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Mastering difficult conversations

By Jay Garcia
26 April 2016 | 1 minute read

A top 20 agent sat down with REB to discuss the key challenge of having difficult conversations with vendors regarding price expectations and agent fees.

Ben Collier from McGrath Edgecliff said that while agents can give a realistic snapshot of where a property sits on the market, vendors and agents alike can never know for certain where the real value lies in a fluctuating market.

“Provided that you’ve given them the right information up front, if the feedback from the market is to suggest that it is within the range that you’ve suggested to the vendor then all that does is indicate your position,” he said.


“You can always add, ‘If the market reacts differently and we feel that we can negotiate the sale beyond that range, then so be it’.”

Mr Collier noted that pricing a property appropriately is paramount, since this is essentially where the agent sells the house.

“It’s not the day before the auction or the day of the auction,” he said.

“It’s when you have your first meeting with the vendor because you’re setting the tone for the whole process and how it will unfold in the coming weeks.”

It’s important to not shy away from hard conversations, according to Mr Collier, particularly since most vendors already know their position.

“They just want to know, ‘Do we have a buyer? And if we don’t have a buyer, what do we need to do to find one? Is it price-related? Have we received any constructive criticism over the past three or four weeks that we can do something about?’ Telling them that the buyers aren’t interested because the property doesn’t have parking – they know they don’t have parking, so you don’t need to keep harping on about that.”

According to Mr Collier, delivery is vital in affecting how difficult news is received, so agents should articulate clearly how the market is reacting to a vendor’s property.

“If it’s constructive criticism from potential buyers, then discuss it, but if the criticism is things that you can’t do anything about, then it’s not relevant to [the] conversation. Most vendors are aware of the positive and negative aspects of their home, so they don’t need you to keep reminding them.”

In Mr Collier’s experience, vendors generally appreciate it when agents deliver difficult news, since they are hired to get the best possible result for them.

“As long as you’re always on the front foot on what you think you can be doing the whole time and always thinking about how you can put forward ideas and suggestions on how they can get a better result, the more they see that you’re doing everything you can to sell the home.”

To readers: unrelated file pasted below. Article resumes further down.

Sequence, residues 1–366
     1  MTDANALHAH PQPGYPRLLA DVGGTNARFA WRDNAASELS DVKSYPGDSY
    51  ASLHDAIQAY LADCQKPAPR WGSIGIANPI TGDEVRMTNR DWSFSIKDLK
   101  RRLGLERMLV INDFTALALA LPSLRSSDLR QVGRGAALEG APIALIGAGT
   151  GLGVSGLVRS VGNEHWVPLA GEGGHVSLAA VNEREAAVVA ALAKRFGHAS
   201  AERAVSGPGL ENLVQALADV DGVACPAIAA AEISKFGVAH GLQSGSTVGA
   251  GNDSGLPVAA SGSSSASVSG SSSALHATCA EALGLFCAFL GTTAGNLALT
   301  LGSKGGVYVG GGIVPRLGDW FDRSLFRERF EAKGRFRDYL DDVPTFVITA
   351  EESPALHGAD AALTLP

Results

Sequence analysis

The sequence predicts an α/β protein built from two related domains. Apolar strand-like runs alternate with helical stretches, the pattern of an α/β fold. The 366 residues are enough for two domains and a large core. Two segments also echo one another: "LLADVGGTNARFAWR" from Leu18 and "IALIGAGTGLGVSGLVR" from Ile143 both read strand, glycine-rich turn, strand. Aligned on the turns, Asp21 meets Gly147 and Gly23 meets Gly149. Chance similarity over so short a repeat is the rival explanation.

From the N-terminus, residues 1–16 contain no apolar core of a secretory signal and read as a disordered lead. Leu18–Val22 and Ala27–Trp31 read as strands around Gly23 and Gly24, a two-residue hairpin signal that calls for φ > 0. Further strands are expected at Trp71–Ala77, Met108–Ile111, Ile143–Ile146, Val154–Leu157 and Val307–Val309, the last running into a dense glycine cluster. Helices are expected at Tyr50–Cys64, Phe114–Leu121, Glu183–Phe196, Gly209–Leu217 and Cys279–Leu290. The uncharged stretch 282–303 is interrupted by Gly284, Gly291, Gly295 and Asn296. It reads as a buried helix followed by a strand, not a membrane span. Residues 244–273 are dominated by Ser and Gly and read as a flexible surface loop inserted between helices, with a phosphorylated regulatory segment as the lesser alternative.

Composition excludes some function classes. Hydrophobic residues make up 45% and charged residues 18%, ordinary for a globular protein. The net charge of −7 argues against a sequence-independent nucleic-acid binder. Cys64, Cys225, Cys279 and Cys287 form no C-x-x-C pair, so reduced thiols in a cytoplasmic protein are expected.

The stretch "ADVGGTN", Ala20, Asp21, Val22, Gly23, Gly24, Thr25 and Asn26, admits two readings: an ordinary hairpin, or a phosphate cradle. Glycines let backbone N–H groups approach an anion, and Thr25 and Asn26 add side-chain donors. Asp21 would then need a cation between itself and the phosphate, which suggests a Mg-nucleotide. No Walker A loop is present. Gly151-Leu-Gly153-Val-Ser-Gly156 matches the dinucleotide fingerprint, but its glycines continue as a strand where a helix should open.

Regular feedback and research go a long way in helping agents to stand their ground and show vendors the right path, Mr Collier said.

“Face-to-face vendor meetings are a very important part of that process, as well as daily calls. They need to be able to feel at the end of this whole process that, when you are discussing an offer on the table, neither they as the owner presenting the home, [nor] you as the agent could have done anything more to get the best result for that house – therefore the offer that’s on the table is probably worth considering.

“You want both sides to feel that way at the end of the whole thing and say, ‘We had amazing editorial, we spoke to you every day, we knew exactly where we sat with things and you’ve had 1,000 people through it; this is the best number that we can get, so we probably need to have a chat about it’.”

Mr Collier noted that another challenging conversation many agents face is discussing fees with potential clients.

“Most owners don’t mind paying the fee you’re requesting if it’s reasonable, provided that you have been able to articulate and demonstrate that you offer value for what you’re requesting in terms of commission,” he said.

“If you haven’t articulated or demonstrated that appropriately, then you’re going to struggle to get the fee you’re requesting.”

According to Mr Collier, while agents should stand by their fees, they can make concessions when entering a new and unfamiliar marketplace.

“If you’re trying to break into a new market, then obviously you don’t have as many runs on the board as the next agent, so you will have to look at your fees,” he said.

“If you are being compared with another agent, then sometimes you’ll look at sliding scales – so, a more incentivised fee structure – so they’re feeling as though it’s a win-win for everyone and you’re remaining competitive.”

While every client is different, Mr Collier said the key to minimising difficult conversations is to demonstrate value and fulfil any promises made.

“If you say you’re going to be present at that open-for-inspection, then you need to be,” he said.

“If you’re not delivering on what you promised, then obviously the wheels will come off pretty quickly. Everybody is different and you’ve got to customise your approach to the client.”

[Related: Top 100 Agents 2016]

Mastering difficult conversations
Ben Collier cropped
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